Kansas February tax collections vastly exceeded state projections

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Published Sunday, March 5, 2023
by Tom Joyce 

(The Center Square) - Kansas collected more tax revenue than it expected in February.

The state had $549.8 million in tax-only collections. It was $36.8 million (7.2 percent) more than the monthly estimate. This also marked a $47.3 million (9.4 percent) increase from February 2022.

"Revenues have exceeded estimates for 30 out of the last 31 months - a clear sign that our efforts to make Kansas a place where businesses and families want to call home is paying off," Governor Laura Kelly said in a press release from her office. "These revenues will continue to grow our historic budget surplus, making it possible for our legislature to pass responsible tax cuts that help every Kansan, like my 'Axing Your Taxes' plan."

Also, individual income tax collections were $211.3 million in February. That figure was $6.3 million (3.1 percent) more than the state's estimate and marked a 15.2 percent increase compared to February 2022.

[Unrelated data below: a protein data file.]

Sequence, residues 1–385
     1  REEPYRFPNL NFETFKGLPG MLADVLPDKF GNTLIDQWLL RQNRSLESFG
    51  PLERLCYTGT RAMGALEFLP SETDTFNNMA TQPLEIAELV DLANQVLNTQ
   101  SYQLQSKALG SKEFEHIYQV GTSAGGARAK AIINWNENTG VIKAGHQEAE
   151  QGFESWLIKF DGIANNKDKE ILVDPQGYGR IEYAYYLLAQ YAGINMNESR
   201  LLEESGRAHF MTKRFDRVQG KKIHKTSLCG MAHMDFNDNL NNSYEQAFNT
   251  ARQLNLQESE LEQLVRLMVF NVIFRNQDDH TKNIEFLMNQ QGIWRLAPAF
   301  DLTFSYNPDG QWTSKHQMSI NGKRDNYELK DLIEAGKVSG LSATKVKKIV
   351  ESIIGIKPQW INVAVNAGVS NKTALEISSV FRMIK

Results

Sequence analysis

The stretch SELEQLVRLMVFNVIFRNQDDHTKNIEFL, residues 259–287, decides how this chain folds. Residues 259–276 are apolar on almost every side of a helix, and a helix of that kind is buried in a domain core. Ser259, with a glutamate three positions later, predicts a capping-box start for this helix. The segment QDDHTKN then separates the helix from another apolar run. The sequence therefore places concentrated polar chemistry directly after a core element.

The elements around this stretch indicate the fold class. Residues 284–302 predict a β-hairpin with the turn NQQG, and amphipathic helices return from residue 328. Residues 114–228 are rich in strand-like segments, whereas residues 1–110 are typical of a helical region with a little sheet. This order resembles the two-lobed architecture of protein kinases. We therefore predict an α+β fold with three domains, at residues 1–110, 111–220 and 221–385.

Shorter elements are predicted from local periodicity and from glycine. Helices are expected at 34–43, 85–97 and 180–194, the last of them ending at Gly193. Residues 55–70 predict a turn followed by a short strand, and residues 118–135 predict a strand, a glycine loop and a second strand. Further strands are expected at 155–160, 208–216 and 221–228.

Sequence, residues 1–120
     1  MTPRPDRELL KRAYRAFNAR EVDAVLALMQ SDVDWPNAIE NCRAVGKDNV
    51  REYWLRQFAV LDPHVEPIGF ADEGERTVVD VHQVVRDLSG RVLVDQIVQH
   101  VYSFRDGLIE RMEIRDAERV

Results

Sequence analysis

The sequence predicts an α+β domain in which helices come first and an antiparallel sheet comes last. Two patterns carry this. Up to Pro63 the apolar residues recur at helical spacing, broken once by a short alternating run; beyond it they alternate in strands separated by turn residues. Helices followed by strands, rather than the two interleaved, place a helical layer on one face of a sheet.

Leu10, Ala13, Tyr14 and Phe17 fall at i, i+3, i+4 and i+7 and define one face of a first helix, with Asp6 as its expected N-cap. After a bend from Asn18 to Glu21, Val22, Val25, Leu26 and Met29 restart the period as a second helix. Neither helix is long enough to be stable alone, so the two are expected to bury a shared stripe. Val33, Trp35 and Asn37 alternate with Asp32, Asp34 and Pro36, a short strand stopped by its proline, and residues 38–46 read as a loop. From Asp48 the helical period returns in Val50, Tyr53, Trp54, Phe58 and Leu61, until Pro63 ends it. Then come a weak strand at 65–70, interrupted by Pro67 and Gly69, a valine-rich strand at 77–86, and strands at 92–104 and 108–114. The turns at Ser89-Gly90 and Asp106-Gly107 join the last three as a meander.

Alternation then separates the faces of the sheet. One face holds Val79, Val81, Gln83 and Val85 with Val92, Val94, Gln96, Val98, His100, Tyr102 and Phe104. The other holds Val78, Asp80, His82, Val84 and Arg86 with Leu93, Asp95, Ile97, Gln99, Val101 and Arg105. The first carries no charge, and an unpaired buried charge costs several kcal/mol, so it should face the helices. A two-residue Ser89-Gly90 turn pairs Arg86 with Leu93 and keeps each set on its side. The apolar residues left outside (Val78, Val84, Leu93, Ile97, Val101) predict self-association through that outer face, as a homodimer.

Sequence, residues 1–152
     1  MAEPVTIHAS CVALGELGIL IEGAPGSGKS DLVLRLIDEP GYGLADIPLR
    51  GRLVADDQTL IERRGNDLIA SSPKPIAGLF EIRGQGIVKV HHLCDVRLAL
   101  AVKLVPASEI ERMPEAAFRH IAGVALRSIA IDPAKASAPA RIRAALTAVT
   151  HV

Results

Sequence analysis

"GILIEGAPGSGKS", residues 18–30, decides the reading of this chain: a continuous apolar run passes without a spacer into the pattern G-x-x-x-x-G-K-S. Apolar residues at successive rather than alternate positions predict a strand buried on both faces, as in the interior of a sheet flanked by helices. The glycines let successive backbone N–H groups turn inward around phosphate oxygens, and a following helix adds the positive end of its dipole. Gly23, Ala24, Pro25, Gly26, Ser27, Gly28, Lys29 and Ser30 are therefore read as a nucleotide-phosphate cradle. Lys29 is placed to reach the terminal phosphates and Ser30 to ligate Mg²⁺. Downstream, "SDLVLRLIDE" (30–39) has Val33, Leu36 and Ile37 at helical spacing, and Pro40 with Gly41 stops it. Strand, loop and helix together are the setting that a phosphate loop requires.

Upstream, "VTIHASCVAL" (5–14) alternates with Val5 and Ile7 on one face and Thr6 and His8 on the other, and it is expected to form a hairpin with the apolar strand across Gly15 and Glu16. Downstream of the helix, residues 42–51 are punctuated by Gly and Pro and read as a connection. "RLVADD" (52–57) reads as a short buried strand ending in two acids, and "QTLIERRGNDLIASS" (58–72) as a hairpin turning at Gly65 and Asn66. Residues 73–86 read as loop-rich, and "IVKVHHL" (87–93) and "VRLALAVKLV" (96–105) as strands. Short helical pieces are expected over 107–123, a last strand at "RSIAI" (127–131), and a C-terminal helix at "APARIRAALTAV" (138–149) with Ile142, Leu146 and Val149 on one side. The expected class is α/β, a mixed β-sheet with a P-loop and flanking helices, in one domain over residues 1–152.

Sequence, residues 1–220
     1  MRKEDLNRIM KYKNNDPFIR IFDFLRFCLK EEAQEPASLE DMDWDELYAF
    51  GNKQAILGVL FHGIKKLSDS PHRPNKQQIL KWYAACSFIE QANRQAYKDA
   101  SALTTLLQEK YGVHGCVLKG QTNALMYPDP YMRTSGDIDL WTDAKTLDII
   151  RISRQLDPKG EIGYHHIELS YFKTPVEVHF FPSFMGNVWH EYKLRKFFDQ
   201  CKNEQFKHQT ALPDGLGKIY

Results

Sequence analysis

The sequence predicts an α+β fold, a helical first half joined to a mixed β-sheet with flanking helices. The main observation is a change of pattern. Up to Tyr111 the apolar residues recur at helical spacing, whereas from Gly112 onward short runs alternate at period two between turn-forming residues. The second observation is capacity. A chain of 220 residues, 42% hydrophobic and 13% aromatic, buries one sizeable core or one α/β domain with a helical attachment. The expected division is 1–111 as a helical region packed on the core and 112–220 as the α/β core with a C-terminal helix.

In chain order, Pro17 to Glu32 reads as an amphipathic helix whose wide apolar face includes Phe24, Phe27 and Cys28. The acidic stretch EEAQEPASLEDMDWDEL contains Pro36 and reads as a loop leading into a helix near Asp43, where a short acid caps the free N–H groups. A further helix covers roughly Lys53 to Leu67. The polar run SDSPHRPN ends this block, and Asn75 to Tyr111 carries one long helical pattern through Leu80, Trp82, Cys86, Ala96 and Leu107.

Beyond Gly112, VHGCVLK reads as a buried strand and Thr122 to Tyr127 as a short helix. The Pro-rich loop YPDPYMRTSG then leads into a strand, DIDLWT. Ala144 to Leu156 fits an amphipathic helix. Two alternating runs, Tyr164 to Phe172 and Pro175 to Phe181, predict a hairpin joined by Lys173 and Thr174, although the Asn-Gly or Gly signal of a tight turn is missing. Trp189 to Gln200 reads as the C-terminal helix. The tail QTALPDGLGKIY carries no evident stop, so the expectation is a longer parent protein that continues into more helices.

"The positive trend in tax receipts continues with all of the major tax types, individual income tax, corporate income tax, retailer's sales tax, and compensating use tax, performing well," Kansas Secretary of Revenue Mark Burghart said in the release.

Additionally, corporate income tax collections were $15.3 million; this was $324,000 (2.2 percent) more than the state expected. However, that figure was $8.1 million (34.5 percent) less than the state collected in February 2022. 

"It should be noted that February 2022 corporate income tax receipts were greater than February 2023 because of the higher-than-expected collection of nonrecurring corporate audit assessments that occurred that month," the release from the governor's office said.

Plus, the state collected $203.8 million in retail sales tax revenue last month. It was $13.8 (7.3 percent) more than the state expected. It also marked an $8.5 million (4.4 percent) increase from February 2022. 

And compensating use tax collections for last month was $64.2 million. It was $849,000 (1.3 percent) less than the state expected, but it was a $4.7 million (8.0 percent) increase compared to February 2022.

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